Guest post by Arthur E. Foulkes.
The fifth graders looked up as I placed a gift on each of their desks. Each student randomly received a small item, such as candy, a box of crayons, a magic trick, or a comic book. After giving each child a gift, I told the students they could each trade—if they chose—with the person seated to their left or right. Several made trades; some didn’t. Next I told them they were free to walk around the room and exchange their gifts. In a moment the room was filled with excited kids making trades.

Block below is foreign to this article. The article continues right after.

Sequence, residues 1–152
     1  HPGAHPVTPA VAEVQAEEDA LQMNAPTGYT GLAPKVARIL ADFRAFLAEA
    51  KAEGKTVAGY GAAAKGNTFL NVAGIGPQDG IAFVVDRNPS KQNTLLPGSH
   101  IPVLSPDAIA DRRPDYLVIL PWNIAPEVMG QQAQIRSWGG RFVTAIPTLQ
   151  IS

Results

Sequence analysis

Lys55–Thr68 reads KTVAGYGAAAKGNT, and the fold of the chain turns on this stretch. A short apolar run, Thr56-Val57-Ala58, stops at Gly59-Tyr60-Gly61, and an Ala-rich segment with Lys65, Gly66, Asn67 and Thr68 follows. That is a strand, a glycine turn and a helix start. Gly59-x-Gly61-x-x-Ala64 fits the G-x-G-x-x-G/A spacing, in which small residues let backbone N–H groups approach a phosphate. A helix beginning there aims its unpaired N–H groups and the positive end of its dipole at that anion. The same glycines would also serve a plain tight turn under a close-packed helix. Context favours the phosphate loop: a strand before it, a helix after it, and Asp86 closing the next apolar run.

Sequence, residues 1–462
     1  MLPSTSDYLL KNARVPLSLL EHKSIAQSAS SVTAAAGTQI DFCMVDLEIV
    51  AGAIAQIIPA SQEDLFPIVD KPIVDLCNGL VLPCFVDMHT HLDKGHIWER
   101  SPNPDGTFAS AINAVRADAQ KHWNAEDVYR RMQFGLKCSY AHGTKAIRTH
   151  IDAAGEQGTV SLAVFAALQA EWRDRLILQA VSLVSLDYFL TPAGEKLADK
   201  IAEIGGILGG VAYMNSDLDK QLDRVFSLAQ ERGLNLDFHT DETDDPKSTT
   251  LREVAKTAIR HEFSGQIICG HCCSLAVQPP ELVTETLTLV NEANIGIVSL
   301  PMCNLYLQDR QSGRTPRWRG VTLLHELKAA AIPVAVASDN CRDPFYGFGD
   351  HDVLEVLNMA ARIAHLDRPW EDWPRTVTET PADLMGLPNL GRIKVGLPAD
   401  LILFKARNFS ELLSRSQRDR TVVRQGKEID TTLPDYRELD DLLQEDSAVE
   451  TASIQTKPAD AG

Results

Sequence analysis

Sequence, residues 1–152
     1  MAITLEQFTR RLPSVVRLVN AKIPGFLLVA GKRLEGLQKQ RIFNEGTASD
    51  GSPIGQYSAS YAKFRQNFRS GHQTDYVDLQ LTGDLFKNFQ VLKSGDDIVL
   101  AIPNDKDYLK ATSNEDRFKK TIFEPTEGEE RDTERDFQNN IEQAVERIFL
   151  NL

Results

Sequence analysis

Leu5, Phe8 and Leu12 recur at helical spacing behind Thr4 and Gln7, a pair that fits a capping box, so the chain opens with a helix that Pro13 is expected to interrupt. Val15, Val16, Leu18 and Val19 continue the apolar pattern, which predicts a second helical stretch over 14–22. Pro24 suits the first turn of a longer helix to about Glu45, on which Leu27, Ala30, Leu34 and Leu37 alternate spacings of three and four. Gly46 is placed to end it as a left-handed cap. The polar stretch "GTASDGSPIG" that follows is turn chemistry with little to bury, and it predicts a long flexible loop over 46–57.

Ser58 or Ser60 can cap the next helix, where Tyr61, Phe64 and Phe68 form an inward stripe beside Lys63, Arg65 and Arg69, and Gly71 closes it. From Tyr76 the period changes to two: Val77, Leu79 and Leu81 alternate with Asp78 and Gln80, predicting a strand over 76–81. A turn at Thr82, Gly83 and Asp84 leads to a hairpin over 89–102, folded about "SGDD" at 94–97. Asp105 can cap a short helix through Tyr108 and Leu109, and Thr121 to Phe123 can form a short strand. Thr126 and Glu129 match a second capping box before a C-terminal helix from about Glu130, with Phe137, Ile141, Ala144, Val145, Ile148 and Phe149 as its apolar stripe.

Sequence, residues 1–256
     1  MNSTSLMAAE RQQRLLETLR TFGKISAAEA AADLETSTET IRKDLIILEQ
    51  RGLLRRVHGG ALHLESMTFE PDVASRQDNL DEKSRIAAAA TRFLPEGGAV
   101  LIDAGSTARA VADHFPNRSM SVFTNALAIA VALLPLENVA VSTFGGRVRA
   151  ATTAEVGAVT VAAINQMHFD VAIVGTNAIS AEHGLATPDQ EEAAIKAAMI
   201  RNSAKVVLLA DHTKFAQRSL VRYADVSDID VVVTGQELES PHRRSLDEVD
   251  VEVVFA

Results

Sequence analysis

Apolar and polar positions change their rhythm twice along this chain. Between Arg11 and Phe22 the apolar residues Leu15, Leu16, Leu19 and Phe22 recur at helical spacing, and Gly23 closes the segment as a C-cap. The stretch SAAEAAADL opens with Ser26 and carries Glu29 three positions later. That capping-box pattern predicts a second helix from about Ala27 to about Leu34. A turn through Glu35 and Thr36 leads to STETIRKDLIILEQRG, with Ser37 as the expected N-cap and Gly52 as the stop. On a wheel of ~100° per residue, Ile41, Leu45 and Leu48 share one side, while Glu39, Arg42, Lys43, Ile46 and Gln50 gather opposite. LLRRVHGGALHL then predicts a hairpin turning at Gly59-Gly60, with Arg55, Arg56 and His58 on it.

When they had sat down, I asked them how many traded. Nearly all had. How many felt they were better off after their trade? I asked. They all did. I was trying to teach these fifth graders a little bit of the magic of trade—how it allows us to improve our lives while improving the lives of others. As long as the people trading do so voluntarily, trade is always a win-win proposition. But trade is far more magical than this.
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